Otitis in cats: what is different from dogs (Proceedings)
The cat has some important anatomic differences from the dog. The obvious is that there is less breed variation in pinna shape and conformation as well as relatively short and straighter ear canal. The manubrium is also less curved than in the dog. The most clinically relevant differences related to treatment of otitis are in the middle ear where the cat has a much different ventral tympanic bulla. The cat's ventral bulla is divided by an incomplete septum the divides it into two communicating compartments. Dorsally the compartment is more lateral and ventrally more medial. A branch of the sympathetic nerve runs in this septum and when damaged results in Horner's syndrome. This septum is more readily damaged when flushing, cleaning or using instruments in the middle ear, which explains why Horner's syndrome is a much greater risk of complication in cats with otitis. In addition the septum it is somewhat concaved saucer shaped with the convex surface facing ventrally. Any fluid reaching the ventral compartment will have a much more difficult time being removed by positional changes or through the auditory canal. It is important to realize once medication reaches the middle ear it is more likely to stay and if irritating more likely to cause damage. As such it is wise to be very cautious when cleaning cat middle ears and avoiding harsh cleaning ingredients such as dioctyl sulfo succinate and ototoxic drugs.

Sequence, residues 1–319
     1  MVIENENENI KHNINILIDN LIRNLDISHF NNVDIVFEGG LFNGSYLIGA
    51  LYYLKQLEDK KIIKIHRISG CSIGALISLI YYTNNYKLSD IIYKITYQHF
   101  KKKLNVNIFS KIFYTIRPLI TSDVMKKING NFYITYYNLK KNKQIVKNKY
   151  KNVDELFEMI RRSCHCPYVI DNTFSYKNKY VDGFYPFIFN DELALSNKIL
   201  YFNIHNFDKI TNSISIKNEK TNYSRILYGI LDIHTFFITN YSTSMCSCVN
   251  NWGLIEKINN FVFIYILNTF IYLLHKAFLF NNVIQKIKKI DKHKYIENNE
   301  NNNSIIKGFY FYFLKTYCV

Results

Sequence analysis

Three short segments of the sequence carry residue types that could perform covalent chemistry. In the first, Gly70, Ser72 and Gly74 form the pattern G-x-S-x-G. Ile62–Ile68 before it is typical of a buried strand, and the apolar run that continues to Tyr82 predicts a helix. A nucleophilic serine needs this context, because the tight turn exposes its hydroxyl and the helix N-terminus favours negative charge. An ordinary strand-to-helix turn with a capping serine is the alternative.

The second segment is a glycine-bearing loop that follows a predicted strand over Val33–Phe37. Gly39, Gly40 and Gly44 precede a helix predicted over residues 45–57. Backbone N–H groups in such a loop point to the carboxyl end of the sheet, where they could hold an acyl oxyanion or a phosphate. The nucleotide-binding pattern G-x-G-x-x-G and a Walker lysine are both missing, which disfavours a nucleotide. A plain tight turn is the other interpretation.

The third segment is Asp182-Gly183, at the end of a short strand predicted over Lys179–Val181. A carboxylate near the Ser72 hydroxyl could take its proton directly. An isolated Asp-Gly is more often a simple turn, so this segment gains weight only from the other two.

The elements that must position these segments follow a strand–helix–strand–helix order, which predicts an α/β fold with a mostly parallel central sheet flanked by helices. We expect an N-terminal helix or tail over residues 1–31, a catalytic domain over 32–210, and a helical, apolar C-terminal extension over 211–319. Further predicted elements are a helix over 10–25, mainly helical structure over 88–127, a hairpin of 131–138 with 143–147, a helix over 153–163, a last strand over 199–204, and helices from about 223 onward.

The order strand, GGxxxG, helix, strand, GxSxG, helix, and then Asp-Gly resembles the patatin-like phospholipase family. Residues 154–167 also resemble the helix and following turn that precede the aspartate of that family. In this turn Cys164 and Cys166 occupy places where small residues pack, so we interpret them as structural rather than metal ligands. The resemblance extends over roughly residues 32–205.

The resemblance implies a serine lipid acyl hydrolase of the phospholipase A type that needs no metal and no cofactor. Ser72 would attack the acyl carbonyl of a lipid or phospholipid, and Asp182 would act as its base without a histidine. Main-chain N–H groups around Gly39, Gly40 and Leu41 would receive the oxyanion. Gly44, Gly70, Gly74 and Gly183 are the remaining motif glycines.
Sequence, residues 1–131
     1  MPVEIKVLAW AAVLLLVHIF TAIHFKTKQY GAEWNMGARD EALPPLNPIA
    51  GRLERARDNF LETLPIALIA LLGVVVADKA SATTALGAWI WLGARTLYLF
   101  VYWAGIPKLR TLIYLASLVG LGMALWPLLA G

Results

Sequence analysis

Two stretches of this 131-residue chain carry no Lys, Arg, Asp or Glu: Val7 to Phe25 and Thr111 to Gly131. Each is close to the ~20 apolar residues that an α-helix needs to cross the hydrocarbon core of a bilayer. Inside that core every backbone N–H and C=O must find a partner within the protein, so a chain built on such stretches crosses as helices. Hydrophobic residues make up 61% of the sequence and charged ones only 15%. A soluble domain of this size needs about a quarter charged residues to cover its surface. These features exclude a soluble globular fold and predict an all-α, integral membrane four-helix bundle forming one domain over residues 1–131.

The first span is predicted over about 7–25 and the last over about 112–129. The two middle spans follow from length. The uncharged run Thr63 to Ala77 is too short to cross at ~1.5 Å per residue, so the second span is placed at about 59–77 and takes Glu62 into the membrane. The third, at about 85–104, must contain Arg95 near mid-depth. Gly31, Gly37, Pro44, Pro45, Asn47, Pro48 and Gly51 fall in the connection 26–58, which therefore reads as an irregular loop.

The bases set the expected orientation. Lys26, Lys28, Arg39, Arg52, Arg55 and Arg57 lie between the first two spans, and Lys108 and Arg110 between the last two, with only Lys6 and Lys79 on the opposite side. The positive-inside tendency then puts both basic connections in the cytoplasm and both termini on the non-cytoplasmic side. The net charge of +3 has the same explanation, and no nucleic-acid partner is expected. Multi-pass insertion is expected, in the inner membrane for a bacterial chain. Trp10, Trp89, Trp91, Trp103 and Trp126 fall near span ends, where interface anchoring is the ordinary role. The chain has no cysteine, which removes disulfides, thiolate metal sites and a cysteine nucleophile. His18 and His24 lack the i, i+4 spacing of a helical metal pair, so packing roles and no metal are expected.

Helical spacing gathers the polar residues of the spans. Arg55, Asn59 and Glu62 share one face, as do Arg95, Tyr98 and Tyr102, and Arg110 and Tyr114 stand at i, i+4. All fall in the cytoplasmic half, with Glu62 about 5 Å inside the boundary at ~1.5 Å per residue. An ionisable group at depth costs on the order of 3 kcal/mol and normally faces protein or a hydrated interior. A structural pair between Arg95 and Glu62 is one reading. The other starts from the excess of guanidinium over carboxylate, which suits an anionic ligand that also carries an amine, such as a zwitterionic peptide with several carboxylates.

Etiologic DifferencesThe incidence of ear disease in the cat is reported as 2-6%, much lower than in the dog. Though no studies have compared chronic otitis I would speculate that is even much lower compared to the incidence in dogs. The relative importance of Otodectes is also greater in cats than dogs which likely contribute to this observation. In a study of the ten most common feline skin disease at a University Otodectes was the fourth most common with only flea related disease and dermatophytosis more prevalent.In addition non Otodectes otitis externa was roughly one fourth the frequency. The low incidence in cats likely reflects that cats are not affected with many of the chronic skin diseases, such as hypothyroidism and hereditary based keratinization/epithelialization disorders, which often affect dogs. Even allergy is much less common in cats than dogs and when cats do have allergy the ear is not affected in the majority of cases. Why this difference between species is seen is unknown.
What is even more unusual in its difference from dogs is the role of secondary infections and perpetuating factors. Secondary bacterial otitis plays a relatively minor role. In one study the most common bacterial pathogen isolated in 31 of 75 ears was coagulase neg Staphylococcus while Pseudomonas was not a problem. Referrals for Pseudomonas otitis in cats are exceedingly rare in my practice and we actually see more otitis media from Malassezia than bacteria alone in my practice. Several other studies have shown Malassezia to be a significant problem in feline otitis. FADDIN EN.CITE One study cultured Malassezia from 63 of 99 cases and 33 had only Malassezia cultured. When antibiotics are needed then clavamox and clindamycin generally are preferred in cats as compared to dogs.